Crowdfunding, or Raising Capital over the Internet - Wave of the Future?

On September 11, 2011, as part of President Obama’s Startup America initiative, the White House announced that it will pursue efforts to reduce the regulatory burdens on capital formation by small businesses. This initiative includes working with the Securities and Exchange Commission (the “SEC”) to establish a “crowdfunding” exemption from SEC requirements for companies raising less than $1 million (with individual investments limited to $10,000, or 10% of the investor’s annual income), as well as raising the cap on “mini-offerings” (under Regulation A) from $5 million to $50 million.

What is Crowdfunding?

Crowdfunding is the enterprise of raising small amounts of money from a large number of investors, typically over the internet.  Over the years, various crowdfunding websites have sprung up, such as Kickstarter, Lending Club, Prosper, Profounder, IndieGoGo, and Kiva.

Pabst Beer Securities, Anyone?

Recently, two advertising executives, Michael Migliozzi II and Brian William Flatow tried to raise $300 million over the internet to buy Pabst Brewing Co. Investors were promised “Certificates of Ownership” and beer with a value equal to the amount invested. As an example of the power of crowdfunding, the two men reportedly received over $200 million in pledges from more than 5 million people in a six-month period, before the SEC shut them down for offering to sell securities without filing a registration statement or qualifying for an existing exemption from registration.

Meshing Securities Laws with Crowdfunding

The Pabst Brewing Co. example demonstrates that the existing securities laws do not easily accommodate internet capital raising. Unresolved issues are myriad, such as:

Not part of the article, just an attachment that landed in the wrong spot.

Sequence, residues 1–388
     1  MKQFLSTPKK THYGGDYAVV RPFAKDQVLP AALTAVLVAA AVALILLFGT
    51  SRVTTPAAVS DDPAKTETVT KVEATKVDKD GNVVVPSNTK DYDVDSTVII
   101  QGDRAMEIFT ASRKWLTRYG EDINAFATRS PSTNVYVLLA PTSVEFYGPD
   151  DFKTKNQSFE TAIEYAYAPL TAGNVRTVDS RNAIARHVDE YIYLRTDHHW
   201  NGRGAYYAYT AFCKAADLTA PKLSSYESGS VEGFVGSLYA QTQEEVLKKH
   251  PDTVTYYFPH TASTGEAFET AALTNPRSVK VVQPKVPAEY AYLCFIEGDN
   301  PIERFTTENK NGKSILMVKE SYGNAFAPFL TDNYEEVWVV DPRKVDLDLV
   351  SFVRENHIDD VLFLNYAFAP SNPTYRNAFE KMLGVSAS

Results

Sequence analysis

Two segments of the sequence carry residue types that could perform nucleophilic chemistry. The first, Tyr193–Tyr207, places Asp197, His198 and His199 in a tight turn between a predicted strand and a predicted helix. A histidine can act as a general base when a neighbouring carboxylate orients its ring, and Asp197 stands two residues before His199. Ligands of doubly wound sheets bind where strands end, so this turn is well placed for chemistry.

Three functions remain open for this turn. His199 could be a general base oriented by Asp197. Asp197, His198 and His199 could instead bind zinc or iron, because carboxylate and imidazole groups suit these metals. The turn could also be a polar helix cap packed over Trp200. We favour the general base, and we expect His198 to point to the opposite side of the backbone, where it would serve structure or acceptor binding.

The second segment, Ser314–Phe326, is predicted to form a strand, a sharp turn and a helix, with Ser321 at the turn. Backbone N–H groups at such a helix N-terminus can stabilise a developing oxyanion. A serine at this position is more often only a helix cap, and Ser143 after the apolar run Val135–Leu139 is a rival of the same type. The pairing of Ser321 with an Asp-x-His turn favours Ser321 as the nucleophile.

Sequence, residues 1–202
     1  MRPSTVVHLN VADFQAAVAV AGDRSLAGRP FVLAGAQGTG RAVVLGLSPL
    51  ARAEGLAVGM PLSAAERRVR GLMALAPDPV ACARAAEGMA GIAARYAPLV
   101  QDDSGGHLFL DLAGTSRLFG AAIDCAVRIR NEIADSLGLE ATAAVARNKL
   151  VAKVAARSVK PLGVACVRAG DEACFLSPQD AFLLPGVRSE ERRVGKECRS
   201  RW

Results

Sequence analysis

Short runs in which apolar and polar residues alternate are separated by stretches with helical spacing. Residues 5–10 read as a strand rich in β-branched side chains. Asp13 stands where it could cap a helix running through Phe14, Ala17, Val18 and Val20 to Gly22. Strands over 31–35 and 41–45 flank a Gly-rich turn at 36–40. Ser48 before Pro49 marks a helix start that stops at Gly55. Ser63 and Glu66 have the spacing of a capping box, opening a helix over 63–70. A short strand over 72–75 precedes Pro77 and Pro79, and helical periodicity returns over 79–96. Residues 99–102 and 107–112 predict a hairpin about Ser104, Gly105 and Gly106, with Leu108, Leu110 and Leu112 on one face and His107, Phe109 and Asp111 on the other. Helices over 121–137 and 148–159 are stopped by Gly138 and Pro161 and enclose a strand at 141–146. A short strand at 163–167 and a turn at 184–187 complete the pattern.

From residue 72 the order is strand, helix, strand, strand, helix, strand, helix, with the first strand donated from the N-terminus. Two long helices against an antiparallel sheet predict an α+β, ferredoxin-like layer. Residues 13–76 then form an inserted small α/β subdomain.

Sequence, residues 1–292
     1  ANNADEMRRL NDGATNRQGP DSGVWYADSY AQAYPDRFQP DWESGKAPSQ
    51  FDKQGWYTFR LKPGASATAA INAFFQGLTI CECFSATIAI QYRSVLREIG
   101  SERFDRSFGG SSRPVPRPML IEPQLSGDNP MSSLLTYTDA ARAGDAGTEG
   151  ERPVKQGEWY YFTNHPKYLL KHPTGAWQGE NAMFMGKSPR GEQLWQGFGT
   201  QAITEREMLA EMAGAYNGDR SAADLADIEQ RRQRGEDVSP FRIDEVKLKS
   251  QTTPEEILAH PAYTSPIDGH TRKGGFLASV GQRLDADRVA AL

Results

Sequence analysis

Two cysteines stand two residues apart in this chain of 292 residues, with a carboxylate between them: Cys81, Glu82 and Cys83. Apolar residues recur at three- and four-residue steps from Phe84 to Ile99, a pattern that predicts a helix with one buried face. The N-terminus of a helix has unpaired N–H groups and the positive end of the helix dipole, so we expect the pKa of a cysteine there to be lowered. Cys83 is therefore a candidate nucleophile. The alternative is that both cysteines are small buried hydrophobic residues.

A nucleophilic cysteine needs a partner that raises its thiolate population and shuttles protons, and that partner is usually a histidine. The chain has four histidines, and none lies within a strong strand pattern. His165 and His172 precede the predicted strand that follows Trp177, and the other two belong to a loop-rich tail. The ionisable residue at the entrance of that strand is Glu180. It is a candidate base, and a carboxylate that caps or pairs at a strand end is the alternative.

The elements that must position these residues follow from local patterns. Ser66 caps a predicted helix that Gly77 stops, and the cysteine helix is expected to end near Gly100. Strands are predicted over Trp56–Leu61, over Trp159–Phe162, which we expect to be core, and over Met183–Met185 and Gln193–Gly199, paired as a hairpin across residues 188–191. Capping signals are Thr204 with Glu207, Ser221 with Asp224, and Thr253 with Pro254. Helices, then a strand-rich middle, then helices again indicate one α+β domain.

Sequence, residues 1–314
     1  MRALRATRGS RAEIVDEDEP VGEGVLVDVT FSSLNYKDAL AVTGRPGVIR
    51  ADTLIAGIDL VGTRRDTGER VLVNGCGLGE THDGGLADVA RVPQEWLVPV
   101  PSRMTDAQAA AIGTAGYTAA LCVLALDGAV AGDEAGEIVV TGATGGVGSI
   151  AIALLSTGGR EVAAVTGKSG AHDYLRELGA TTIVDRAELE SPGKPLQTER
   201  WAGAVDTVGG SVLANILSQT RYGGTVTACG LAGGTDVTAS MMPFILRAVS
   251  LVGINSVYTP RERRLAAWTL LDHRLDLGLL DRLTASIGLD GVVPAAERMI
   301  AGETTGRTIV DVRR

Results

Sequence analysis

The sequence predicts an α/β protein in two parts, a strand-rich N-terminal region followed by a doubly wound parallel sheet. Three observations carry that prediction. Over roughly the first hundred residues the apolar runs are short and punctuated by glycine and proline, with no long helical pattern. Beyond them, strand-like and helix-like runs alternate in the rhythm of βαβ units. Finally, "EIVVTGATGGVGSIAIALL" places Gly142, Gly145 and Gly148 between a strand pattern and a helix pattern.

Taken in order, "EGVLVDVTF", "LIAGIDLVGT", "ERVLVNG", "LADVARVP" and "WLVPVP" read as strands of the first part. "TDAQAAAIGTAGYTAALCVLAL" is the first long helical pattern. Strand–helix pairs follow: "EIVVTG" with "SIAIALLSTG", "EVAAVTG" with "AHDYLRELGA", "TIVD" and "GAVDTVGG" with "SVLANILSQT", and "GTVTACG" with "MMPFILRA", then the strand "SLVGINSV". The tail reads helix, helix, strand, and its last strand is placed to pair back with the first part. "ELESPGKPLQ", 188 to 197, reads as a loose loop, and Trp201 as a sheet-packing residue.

• Are crowdfunding investments securities? The SEC considered the solicitation of pledges to raise capital for a tender offer for Pabst Brewing Co. to be an offer to sell securities. Although crowdfunding investments may be structured in different ways, equity investments (and, more generally, investments where an expectation of profits arises primarily from the efforts of others) clearly count as securities.
  • If crowdfunding investments are securities, are offerings of them currently exempt from registration? Crowdfunding investments are offered through general solicitations to a large number of investors, who may not be “accredited” or sophisticated. As a result, crowdfunding investments do not fit well under existing exemptions, yet registered offerings are not economically feasible for them, which is the main impetus for a new exemption.
  • Are crowdfunding sites exchanges? Exchanges, which provide a marketplace for bringing multiple buyers and sellers of securities together, need to be registered. But crowdfunding sites bring together multiple buyers for particular securities, so the multiple-sellers requirement for an exchange would not be met.
  • Are crowdfunding sites broker-dealers? Brokers are engaged in the business of effecting securities transactions for the account of others. Because crowdfunding sites publicly advertise securities and are compensated based on securities transactions, they may be considered brokers, in which case they would have to register as brokers unless a new exemption is created.
  • Are crowdfunding sites investment advisers? Investment advisers, for compensation, engage in the business of advising others about investing in securities or of issuing reports or analyses about securities. Even if crowdfunding sites do not provide investment advice, the information they provide could be considered reports, so SEC clarification is needed.

What Comes Next?

On September 15, 2011, Meredith Cross, the Director of the SEC’s Division of Corporation Finance, testified before the House of Representatives’ Oversight and Government Reform Committee that she believes the SEC will consider crowdfunding “in the near future.” In addition to the White House’s proposal, a crowdfunding bill (H.R.-2930) has already been introduced in the House by Patrick McHenry (R.-N.C.), who chaired the committee hearing. There seems to be support for amending securities laws and regulations to permit crowdfunding as a jobs-creation measure, while continuing to protect investors.